- #1

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a!b! = a! + b! + c^2

anyone?

- Thread starter msudidi
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- #1

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a!b! = a! + b! + c^2

anyone?

- #2

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Not sure if there is a more elegant solution though.

- #3

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but i'm seeking for method to solve it: how to relate multiplication of 2 factorials and their sums? if we can, then c wouldn't be a problem.

there should be a way to solve it

- #4

HallsofIvy

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"Brute force" **is** a method! Please clarify what you are looking for.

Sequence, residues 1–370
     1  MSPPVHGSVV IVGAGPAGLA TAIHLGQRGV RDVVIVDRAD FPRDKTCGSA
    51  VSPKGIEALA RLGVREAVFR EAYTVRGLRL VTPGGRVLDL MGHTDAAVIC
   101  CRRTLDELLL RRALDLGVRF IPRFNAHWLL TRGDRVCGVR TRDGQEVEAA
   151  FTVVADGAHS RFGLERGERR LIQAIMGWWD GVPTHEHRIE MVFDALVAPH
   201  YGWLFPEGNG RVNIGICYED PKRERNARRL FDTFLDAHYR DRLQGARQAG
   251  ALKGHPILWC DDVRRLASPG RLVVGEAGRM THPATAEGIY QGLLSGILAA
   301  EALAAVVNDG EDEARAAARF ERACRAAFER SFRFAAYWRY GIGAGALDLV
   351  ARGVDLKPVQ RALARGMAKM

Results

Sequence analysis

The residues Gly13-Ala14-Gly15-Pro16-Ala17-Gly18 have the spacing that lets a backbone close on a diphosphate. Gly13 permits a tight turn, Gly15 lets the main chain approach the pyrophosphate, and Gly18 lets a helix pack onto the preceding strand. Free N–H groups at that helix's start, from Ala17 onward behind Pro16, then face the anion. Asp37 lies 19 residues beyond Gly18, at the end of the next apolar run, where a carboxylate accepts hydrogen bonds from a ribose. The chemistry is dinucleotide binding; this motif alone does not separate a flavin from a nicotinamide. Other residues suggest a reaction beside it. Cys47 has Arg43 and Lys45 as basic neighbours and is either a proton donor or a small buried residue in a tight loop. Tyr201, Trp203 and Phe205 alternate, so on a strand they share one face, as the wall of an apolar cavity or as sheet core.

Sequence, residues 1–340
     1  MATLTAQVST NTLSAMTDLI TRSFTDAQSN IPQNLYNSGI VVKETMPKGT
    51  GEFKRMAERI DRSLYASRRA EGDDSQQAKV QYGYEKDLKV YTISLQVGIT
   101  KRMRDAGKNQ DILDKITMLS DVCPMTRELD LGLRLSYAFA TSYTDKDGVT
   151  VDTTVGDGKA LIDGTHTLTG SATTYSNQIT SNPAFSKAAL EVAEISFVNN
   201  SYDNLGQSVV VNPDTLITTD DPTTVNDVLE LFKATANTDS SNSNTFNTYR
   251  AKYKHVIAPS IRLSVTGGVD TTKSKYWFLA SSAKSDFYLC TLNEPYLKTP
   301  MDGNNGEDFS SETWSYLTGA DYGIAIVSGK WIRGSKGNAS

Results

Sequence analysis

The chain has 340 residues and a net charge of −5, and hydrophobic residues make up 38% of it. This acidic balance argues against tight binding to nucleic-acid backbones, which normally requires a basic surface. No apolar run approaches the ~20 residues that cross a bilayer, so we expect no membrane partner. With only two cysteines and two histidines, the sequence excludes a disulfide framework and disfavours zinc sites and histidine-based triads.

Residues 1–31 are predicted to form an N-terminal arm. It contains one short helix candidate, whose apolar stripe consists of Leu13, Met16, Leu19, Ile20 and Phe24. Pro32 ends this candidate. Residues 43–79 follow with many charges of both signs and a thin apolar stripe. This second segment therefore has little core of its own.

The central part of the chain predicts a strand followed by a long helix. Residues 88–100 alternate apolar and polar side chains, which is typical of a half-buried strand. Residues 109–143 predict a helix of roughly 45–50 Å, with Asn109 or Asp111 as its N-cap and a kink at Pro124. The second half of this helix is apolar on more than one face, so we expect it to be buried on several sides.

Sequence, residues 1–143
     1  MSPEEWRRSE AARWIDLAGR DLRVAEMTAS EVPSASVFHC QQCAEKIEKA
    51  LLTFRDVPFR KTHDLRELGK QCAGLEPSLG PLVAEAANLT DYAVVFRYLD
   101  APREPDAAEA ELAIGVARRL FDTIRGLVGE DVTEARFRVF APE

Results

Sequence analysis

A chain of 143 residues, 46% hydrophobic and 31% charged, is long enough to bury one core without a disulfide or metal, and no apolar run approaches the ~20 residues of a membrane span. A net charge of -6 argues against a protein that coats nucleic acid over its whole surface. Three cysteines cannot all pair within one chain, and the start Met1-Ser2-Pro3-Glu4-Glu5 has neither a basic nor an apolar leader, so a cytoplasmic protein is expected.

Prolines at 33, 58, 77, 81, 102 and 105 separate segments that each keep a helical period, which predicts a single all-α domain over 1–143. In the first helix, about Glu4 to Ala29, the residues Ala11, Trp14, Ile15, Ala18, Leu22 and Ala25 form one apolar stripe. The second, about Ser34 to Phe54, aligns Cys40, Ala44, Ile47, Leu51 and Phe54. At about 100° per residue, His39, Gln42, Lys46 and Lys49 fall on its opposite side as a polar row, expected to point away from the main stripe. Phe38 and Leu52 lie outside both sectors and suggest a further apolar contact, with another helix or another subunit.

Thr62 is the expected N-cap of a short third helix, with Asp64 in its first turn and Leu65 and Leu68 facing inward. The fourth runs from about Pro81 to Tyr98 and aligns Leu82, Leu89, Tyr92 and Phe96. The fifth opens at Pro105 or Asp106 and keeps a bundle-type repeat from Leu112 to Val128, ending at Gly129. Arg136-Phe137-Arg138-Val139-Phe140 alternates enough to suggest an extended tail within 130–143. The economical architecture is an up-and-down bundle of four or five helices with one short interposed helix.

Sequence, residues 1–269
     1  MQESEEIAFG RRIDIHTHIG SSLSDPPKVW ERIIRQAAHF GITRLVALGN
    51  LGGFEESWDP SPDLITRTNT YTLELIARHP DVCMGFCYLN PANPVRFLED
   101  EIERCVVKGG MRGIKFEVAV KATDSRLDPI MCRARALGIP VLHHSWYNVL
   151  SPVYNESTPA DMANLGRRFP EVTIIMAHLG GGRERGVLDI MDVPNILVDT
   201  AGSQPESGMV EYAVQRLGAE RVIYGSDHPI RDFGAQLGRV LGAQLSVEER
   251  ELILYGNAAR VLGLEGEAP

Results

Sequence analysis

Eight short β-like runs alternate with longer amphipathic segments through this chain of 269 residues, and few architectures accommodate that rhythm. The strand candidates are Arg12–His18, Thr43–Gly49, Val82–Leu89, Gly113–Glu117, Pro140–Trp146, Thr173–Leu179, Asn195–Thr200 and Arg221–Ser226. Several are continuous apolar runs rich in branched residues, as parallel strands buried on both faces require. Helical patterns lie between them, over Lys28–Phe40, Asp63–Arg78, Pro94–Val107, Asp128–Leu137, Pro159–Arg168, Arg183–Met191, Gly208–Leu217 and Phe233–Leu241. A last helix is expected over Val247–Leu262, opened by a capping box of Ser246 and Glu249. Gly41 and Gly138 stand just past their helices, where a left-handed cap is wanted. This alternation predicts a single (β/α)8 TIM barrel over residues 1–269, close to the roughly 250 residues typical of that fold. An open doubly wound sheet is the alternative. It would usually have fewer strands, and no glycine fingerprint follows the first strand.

- #5

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Doesn't it work for all positive integers c such that [itex]c = \sqrt{a!b! -a! -b!}[/itex]?

a!b! = a! + b! + c^2

anyone?

Spit-balling here, we have [itex]a!b! = a! + b! + c^2[/itex]? Doesn't that imply that [itex]\displaystyle a! = 1 + \frac{a! + c^2}{b!} = 1 + \frac{a(a-1)(a-2)(a-3)...}{b(b-1)(b-2)...} + \frac{c^2}{b!} = 1 + \prod_{k = (b+1)}^a k + \frac{c^2}{b!}[/itex]. Don't know where I'm going with that...

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